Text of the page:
Friday, November 19, 2010

Consequences of Underfunded Animal Control: Uptick in Injured Animals at LA/SPCA

New Orleans, LA – (November 19, 2010) Charlie, a two-year-old basset hound mix, was hit by a car last Friday. His leg is broken, an injury he sustained while roaming the streets of New Orleans. Unfortunately, Charlie is not an isolated case; the LA/SPCA is reporting a staggering increase of dogs hit by cars over the past six weeks. This trend directly correlates to the suspension of routine Animal Control services and will continue to increase as the City of New Orleans has made no progress in restoring Animal Control services for this year or signing a new agreement for 2011.October 1, 2010 Animal Control began responding to "emergency cases only" because of reduced funding. The 2010 contract provided routine Animal Control including field services and stray animal pick up for the first nine months of this year. The LA/SPCA has requested $2.5 million for 12 months of services for 2011, a figure that includes $300,000 generated by the LA/SPCA in fines and fees on behalf of the City of New Orleans. The City has proposed a $1.5 million budget, a 28% decrease from the nine-month 2010 contract.

"While Animal Control Services are suspended, stray dogs are still roaming throughout New Orleans posing a danger to themselves and the community at large. Calls regarding injured animals have increased by 1,000% since October 1st. The City of New Orleans has been relying on NOPD to perform daily Animal Control services, obviously this is not happening." explains LA/SPCA CEO, Ana Zorrilla. "These animals are being injured and killed because of the City's inadequate funding for services that are needed all year long. This is an inhumane way for these animals to live and ultimately die."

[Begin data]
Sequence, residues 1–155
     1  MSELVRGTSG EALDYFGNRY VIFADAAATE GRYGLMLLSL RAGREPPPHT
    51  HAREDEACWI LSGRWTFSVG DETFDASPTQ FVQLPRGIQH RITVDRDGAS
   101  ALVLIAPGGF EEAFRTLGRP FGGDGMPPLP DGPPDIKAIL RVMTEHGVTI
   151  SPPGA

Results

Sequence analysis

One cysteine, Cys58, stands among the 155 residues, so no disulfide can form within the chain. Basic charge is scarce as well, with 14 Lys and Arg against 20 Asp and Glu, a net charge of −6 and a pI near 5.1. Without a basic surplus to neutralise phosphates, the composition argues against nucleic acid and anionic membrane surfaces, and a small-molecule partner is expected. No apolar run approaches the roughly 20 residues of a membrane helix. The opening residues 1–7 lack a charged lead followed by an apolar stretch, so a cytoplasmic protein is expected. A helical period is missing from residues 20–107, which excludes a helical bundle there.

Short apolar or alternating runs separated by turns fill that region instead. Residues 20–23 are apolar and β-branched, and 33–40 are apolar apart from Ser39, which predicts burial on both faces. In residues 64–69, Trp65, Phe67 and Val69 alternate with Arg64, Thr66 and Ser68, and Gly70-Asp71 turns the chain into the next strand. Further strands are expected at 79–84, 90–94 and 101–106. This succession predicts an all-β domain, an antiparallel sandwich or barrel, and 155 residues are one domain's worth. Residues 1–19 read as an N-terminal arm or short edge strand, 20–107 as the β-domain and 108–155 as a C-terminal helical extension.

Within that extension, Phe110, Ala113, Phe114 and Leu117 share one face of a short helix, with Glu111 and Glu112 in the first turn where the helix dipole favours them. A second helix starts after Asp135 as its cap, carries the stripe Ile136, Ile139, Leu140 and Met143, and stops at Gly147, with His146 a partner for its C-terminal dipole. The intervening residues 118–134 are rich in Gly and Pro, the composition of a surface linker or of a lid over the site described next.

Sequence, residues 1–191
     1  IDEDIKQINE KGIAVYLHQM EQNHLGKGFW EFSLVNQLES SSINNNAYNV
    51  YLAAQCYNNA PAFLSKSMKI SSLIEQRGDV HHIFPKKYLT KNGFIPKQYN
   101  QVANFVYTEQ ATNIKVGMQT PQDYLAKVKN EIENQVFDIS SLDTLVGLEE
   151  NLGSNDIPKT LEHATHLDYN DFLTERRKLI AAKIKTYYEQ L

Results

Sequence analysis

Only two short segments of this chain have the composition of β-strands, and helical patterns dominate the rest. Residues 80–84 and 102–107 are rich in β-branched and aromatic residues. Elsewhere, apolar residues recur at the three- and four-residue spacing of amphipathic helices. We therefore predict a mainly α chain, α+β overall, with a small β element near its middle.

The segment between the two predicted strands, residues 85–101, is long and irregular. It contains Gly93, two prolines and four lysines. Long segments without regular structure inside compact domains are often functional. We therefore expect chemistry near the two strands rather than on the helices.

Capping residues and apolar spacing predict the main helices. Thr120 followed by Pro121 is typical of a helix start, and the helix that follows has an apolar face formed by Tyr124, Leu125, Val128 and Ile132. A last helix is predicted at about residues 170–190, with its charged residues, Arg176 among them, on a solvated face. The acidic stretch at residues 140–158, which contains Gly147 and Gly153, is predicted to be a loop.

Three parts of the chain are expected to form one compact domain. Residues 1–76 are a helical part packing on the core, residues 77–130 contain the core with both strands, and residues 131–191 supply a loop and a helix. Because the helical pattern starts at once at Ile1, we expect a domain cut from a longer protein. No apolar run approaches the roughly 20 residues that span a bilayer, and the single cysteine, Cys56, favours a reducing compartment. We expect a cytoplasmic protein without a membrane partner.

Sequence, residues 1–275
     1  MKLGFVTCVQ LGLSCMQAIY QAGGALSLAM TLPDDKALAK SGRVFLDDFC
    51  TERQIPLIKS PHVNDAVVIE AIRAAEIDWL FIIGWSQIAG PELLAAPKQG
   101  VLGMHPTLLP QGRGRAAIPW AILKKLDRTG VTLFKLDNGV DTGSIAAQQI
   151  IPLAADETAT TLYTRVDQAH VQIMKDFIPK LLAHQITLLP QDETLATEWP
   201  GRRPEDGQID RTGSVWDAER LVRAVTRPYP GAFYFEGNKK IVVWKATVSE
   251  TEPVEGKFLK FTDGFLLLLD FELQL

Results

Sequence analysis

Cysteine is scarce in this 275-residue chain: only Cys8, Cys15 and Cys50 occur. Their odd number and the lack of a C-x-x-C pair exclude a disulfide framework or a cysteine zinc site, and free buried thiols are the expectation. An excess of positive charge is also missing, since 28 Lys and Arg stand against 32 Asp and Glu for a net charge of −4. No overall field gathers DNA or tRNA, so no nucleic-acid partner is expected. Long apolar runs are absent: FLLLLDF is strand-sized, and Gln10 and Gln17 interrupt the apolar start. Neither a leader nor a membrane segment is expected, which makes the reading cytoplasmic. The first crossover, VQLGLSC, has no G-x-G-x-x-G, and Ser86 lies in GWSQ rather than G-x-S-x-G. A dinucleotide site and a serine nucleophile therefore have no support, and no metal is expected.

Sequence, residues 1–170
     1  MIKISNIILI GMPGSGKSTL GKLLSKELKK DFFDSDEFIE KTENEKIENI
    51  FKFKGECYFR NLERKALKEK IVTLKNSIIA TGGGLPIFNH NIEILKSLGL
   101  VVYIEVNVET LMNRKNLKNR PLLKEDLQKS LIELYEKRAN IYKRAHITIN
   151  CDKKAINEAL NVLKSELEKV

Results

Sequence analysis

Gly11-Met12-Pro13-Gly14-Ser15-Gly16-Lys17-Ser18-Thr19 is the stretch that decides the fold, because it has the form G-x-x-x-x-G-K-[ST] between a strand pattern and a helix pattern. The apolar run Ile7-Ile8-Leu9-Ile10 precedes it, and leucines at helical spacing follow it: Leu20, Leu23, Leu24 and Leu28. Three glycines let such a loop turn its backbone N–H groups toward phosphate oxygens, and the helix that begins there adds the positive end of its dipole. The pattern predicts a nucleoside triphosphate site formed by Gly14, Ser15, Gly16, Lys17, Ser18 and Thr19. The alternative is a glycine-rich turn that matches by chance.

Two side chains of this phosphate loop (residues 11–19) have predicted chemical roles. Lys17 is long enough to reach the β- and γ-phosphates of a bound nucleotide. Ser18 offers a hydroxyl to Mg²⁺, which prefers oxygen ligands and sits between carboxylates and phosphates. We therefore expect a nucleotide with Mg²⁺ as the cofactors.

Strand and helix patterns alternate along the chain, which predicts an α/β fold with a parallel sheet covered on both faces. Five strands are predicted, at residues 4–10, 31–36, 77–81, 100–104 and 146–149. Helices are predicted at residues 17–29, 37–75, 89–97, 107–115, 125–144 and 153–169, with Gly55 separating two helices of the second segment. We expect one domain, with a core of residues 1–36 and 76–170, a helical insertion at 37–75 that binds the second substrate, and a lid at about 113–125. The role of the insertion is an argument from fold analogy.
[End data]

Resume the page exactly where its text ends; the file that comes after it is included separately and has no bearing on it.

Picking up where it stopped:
Charlie's prognosis is not good. The five-day stray hold required by city ordinance is complete. While the LA/SPCA has provided pain medication during his stay, the LA/SPCA does not have the resources to perform orthopedic surgery or have an available foster home should surgery be possible. The LA/SPCA is asking for help to provide care for the increasing number of severely injured animals, like Charlie, arriving at the shelter. To become a foster home for an injured animal or make a contribution, please contact the LA/SPCA at 368-5191 or online at

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